Final Fantasy The Spirits Within

Image: Final Fantasy: The Spirits Within poster. Square Enix.

I’ll never forget seeing Final Fantasy: The Spirits Within for the first time. I attended an opening weekend showing, but when I entered the theatre, there were only a few people already seated, and not many more showed up. “Oh no,” I thought, “this movie is going to bomb.” I muddled through the nonsensical plot and dull characters to the end, sighing as the film came to a close. I imagined we’d all shuffle out together, heads hung low, regretting the purchase of our tickets, but as the credits began to roll, a strange sound arose from behind me. From the back row, what must have been a mere one or two arch Square fanboys, neckbeards under chin, still found the energy to muster a few sad claps. Each slap of hand had a distinct crispness to it, helped along by the emptiness of the room.

I’ve heard impassioned theatre clapping, and this was not one of those times. No, these were the plain, forced claps of a fanboy so convinced that he must love this movie that he has tricked himself into believing he liked it. These were the claps of a man trying to justify his pre-screening excitement. I heard the same claps when I went to see Star Wars: Episode I.

Like so many games of late that include the title “Final Fantasy,” The Spirits Within is not Final Fantasy. It holds none of the melancholy or the grandeur of the games. What few thematic links with the series it carries don’t translate well to film. There is a party of heroes, but they’re not worth caring about. There is a scheming villain, but it’s hard to believe a smirking man in a flowing leather trench-coat will ever get his way. There is science gone mad, but its ultimate defeat is perfunctory. What the movie does have in common with a video game is a contrived plot, one in which the main characters must find a bunch of something special before the world is destroyed.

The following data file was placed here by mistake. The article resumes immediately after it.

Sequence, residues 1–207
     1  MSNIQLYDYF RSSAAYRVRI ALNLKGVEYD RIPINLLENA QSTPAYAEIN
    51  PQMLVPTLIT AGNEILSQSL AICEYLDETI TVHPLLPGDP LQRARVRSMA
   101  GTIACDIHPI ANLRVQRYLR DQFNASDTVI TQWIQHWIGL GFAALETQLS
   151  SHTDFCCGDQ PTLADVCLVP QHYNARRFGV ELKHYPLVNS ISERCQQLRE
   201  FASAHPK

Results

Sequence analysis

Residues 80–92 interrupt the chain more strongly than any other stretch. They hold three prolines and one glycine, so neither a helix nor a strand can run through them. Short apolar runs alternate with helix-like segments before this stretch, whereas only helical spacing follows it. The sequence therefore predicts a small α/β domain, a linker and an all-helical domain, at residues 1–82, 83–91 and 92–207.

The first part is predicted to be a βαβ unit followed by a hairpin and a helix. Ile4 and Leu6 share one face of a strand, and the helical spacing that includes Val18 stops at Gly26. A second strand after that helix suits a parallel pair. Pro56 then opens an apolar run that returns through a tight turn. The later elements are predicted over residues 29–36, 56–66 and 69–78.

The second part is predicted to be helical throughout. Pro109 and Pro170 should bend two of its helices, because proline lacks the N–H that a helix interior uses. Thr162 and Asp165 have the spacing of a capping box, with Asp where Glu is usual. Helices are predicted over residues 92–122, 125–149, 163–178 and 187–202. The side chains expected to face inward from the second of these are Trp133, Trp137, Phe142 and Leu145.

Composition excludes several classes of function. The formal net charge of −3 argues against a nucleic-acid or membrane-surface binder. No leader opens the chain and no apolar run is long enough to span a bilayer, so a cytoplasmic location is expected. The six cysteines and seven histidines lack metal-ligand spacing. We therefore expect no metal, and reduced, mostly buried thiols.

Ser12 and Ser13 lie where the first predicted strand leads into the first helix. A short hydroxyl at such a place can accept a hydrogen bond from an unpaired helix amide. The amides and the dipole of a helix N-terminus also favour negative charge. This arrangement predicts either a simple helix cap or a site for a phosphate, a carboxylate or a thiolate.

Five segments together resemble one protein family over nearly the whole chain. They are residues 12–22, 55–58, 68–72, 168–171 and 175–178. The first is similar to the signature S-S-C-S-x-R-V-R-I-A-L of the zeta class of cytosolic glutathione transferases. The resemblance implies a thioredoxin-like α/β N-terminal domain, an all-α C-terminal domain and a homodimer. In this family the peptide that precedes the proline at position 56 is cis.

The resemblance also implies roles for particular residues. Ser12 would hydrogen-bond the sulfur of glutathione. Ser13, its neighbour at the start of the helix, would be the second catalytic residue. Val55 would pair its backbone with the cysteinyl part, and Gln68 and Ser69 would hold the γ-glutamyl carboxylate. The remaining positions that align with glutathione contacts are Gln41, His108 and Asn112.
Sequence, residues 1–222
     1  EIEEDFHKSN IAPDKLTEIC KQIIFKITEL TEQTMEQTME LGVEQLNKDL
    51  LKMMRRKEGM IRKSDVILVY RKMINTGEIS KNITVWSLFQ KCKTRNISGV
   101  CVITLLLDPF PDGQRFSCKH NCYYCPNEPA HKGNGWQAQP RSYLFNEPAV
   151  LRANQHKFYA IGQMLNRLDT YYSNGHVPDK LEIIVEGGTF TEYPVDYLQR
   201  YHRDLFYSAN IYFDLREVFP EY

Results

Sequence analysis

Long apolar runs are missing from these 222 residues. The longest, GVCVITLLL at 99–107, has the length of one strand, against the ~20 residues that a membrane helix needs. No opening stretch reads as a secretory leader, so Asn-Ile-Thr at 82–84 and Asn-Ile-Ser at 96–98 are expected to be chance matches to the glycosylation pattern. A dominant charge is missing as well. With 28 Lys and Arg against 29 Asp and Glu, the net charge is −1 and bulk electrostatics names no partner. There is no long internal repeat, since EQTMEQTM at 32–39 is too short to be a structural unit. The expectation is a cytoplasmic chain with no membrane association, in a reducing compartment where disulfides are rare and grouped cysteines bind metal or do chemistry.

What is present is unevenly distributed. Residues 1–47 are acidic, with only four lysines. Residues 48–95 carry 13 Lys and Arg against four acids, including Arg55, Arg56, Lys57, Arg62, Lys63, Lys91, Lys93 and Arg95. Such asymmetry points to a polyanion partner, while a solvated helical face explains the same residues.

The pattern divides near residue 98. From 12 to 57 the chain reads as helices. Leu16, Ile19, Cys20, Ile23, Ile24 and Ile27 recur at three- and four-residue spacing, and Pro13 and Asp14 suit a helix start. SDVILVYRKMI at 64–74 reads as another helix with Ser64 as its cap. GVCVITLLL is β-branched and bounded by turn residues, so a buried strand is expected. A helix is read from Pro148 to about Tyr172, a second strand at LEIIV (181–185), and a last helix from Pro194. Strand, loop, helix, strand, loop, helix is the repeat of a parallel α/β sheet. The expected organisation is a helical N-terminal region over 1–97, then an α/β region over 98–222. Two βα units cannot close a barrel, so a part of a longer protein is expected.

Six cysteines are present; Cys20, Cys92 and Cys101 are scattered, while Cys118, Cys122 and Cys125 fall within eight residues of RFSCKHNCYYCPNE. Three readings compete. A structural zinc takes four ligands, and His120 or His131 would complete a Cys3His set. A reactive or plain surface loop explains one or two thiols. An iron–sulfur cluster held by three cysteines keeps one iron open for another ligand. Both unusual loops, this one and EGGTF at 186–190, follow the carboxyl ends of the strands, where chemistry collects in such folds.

The characters are as flat as any in a video game. Without the winding, 40 hour journey to associate with them, it is impossible to hold for them any attachment. As each member of the small team of central characters was killed off during my latest viewing, my reaction was not, “ouch,” or “oh I liked him,” it wasn’t even “I hated her.” It was simply, “huh, we must be getting near the end, about time that one kicked it.”

The movie is headed up by Aki Ross, a scientist in search of a solution to the giant, rampaging alien “spirits” that have decimated the Earth. She’s got a secret, there’s a little bit of alien stuck in her, and it will kill her unless a solution for these things can be found. She’s got an old man for a friend, Cid (his name being the only instance of fan service I noticed), and he’s, well, he’s old. She’s got a square-jawed soldier for a romantic interest. He’s, well, he’s voiced by Alec Baldwin. These are literally the only defining character traits I noticed during my latest viewing. The characters feel like they just sort of exist because something needed to be put on screen.

I’ll give the movie this, The first time I saw Spirits Within, I was genuinely amazed by how good it looked. There were times I actually forgot I was watching computer animation. It was a legitimate accomplishment at the time. The animation holds up well enough to still be passable today, although it’s clear we’ve come pretty far since.

The Spirits Within brought about the rapid demise of Square Pictures. The company that made it suffered tremendous financial loss because of it. Its disastrous theatrical run was quickly followed by the merger of Square with old rival Enix. Many speculated then that the financial hardship prompted the merger, although the company denies it now. The irony of the film is that the story behind the story is the most memorable thing about it.

It would be the only memorable thing about it for me if it weren’t for those sad claps in the theatre.

OMGVGM Review: Final Fantasy: The Spirits Within